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Apple Supremo Steve Jobs Resigns: Will the Company Bear Fruit?

Posted on the 25 August 2011 by Periscope @periscopepost
Apple supremo Steve Jobs resigns: Will the company bear fruit?

Steve Jobs, Apple guiding spirit. Photocredit: Acaben

It’s consternation for computer super-company Apple, as Steve Jobs, its jeans-wearing, charismatic CEO and guiding spirit, announced his resignation on Tuesday night. Former Chief Operating Officer Tim Cook will take Jobs’, er,  job. (Sorry). The accepted reason for his retirement is that Jobs’ medical condition has worsened – he was diagnosed with pancreatic cancer in 2004. Apple is now one of the most valuable companies in the US, vying with Exxon Mobil and Microsoft.

Jobs first worked for Apple in 1976, when it was created, with Steve Wozniak, but was given the heave-ho in 1985; it was only 22 years later  that he returned, pulling the company back from the brink of collapse. He oversaw the release of one mega-product after another: the iMac, the iPod, the iPhone and the iPad. Although his position as CEO earns him only $1 a year, he owns 5,426 million Apple shares as well as 138 million shares in Disney, a company that Apple bought. His personal wealth is estimated at more than £3 billion. His influence has been monumental, and people have been queueing up to lavish praise upon him. ”He is the Michelangelo of the digital age,” said LinkedIn CEO Jeff Weine.

Apple’s stock has dropped 5 per cent as a result of his resignation. But should people be worrying? Commentators believe that Apple will now start to buy up more companies – something it hasn’t done so much in the past years. Apple had “a $76.1 billion war chest as of late June,” reported The Atlantic Wire, continuing that “some have noted that Apple had enough financial firepower to buy Bank of America.”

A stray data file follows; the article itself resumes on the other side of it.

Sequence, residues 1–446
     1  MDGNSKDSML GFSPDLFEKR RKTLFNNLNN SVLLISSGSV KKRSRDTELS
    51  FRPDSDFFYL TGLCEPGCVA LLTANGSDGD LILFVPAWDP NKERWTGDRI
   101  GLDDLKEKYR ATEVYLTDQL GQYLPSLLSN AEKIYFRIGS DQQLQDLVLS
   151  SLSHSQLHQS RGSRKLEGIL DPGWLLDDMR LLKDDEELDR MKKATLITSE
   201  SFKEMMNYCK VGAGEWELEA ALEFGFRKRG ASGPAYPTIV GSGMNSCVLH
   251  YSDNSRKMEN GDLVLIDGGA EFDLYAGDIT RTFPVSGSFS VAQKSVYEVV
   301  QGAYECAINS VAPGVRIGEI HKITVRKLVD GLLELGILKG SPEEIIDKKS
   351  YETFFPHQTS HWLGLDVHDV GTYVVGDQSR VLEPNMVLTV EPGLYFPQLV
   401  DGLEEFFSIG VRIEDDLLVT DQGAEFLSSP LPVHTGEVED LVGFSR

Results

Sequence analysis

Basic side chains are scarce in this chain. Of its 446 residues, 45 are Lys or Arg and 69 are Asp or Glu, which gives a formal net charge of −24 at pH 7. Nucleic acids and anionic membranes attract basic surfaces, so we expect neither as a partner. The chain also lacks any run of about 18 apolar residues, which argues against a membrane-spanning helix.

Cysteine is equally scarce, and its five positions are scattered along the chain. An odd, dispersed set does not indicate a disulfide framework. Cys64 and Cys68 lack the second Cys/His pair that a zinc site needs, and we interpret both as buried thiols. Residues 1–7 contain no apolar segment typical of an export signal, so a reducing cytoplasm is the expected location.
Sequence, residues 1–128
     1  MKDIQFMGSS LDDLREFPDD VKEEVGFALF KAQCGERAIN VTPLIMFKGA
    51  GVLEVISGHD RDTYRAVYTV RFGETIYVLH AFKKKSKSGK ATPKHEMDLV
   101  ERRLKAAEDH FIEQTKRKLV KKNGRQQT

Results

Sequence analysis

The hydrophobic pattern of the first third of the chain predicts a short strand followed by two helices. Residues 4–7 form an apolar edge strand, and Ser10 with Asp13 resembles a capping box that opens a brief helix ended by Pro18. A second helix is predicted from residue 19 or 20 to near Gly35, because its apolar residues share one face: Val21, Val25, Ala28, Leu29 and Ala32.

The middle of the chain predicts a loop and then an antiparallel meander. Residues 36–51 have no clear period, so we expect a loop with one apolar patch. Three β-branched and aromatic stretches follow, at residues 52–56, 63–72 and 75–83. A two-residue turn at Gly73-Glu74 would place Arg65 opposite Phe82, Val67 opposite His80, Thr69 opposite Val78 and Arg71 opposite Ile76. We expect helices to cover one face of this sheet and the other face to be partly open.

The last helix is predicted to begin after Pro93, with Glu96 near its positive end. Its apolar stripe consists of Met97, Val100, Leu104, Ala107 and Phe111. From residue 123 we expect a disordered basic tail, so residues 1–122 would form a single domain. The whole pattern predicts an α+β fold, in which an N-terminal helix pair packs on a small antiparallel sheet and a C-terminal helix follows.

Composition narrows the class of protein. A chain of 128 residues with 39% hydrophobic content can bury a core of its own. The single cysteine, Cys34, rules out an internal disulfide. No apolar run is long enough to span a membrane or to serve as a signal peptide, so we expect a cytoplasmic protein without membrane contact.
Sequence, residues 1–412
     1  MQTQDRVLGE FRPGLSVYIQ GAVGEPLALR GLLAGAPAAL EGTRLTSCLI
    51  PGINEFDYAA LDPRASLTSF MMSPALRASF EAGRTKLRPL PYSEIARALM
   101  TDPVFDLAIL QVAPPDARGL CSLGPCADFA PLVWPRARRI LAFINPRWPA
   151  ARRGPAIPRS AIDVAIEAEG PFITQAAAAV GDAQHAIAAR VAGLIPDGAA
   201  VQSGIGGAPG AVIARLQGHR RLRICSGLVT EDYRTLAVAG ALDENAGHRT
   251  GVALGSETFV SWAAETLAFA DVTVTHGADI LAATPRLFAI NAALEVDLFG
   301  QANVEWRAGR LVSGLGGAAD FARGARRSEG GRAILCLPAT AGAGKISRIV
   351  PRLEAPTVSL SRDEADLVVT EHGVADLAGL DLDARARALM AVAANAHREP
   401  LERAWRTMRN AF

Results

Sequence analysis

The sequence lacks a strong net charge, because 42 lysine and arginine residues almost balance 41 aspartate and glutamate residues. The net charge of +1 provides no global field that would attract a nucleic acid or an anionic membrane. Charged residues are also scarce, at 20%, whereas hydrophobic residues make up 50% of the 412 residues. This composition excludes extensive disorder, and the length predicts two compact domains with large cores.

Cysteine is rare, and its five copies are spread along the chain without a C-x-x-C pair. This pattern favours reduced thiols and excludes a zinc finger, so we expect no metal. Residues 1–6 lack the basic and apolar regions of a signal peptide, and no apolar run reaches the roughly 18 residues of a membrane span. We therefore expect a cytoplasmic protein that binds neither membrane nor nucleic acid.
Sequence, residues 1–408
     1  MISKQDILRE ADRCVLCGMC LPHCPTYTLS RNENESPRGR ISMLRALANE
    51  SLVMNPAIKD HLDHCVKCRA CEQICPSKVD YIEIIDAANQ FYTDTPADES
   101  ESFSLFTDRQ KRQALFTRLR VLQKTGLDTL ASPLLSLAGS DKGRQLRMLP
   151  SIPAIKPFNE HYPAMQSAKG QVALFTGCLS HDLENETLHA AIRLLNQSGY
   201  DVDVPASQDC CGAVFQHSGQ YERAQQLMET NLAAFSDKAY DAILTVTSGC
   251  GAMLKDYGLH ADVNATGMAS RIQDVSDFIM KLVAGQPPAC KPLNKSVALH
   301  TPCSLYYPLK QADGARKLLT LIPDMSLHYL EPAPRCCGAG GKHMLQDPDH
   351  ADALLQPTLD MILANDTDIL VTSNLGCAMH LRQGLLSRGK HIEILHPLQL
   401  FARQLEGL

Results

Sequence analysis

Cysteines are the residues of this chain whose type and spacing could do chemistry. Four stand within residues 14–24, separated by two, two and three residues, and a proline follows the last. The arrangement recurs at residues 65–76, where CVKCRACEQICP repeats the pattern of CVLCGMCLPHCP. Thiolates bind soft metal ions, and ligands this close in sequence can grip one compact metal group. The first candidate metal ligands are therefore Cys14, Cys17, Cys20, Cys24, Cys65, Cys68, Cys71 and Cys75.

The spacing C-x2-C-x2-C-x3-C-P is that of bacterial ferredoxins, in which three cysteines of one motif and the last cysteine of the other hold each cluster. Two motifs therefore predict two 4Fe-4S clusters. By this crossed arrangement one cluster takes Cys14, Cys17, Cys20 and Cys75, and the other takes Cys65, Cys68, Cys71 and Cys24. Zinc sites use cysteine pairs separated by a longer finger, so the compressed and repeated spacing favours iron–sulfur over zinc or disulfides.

“I believe Apple’s brightest and most innovative days are ahead of it. And I look forward to watching and contributing to its success in a new role,” said Steve Jobs’ resignation letter.

  • Extraordinary chapter. It’s a “sad day,” said Shane Richmond on The Daily Telegraph. But Cook’s taken the helm successfully already, when Jobs has been on medical leave. So why worry? The markets will take this calmly. The way ideas seed through Apple is embedded into the company, even without Jobs. Look at Jobs’ earlier presentations and you’ll see he learned his charisma – and so will his successors. This isn’t the end of Apple, but the end of an “extraordinary chapter.”

“Steve is Apple and Apple is Steve” – Leander Kahney of @cultofmac on the resignation of Steve Jobs

  • Upwardly mobile. On Gizmodo, Brian Barrett said it was “the perfect time” for Jobs to resign, as “Apple has literally never been stronger.” Whilst competitors Dell and Hewlett Packard have been floundering, Apple’s been going from strength to strength. And they’re about to release a new iPhone – and what then? If they release an affordable one, they’ll go “from yuppie luxury to unprecedented populist value.” Don’t forget that the company has got much to come that’s already been planned, which will all have Jobs’ touch. And, duh, he’s staying on as Chaiman of the Board. We hope it’s not because he’s severely ill, as this decision feels like it’s been properly calculated.

“Class-war fact: Ruthlessly competitive, patent-monopolist, multi-billionaire executives are worth fawning over, if they’ve got design sense.” Will Wilkinson of The Economist, on Twitter.

  • A big slice of pie. Felix Salmon at Reuters agreed, gushing liberally about Jobs, before saying that Apple will still “coin simply astonishing amounts of money.” With $7.3 billion of profit “just in the last quarter,” Apple is one of “the most profitable companies the world has ever seen — and makes its stock look almost cheap, even at a market cap of $350 billion.”
  • What’s to worry about? Henry Blodget on Businessinsider was similary bullish. We were expecting this news, he said, and a five per cent drop is hardly significant. Sure, losing Jobs is “a tremendous blow”, but iPads and iPhones are still at a very early stage in their “global market penetration,” which means Apple will be able to continue to grow without new visions – they just need to stay ahead of the game. Apple’s clever closed system gives it enormous power. Plus, it has a great management team. Though there might be a new visionary waiting in the wings, the “company should be fine without him.”
  • Oompa, Loompa. Saul Hansell on said that Steve Jobs was an “impresario” in the tradition of “a Hollywood studio boss”. This didn’t make him pleasant to work with: “to work at Apple was to accept the lot of an Oompa Loompa.” Sure, Jobs wasn’t nice – but his “sheer force of will, self-confidence, vision and perfectionism” made “so many products that delighted so many people precisely because they were improbable.”

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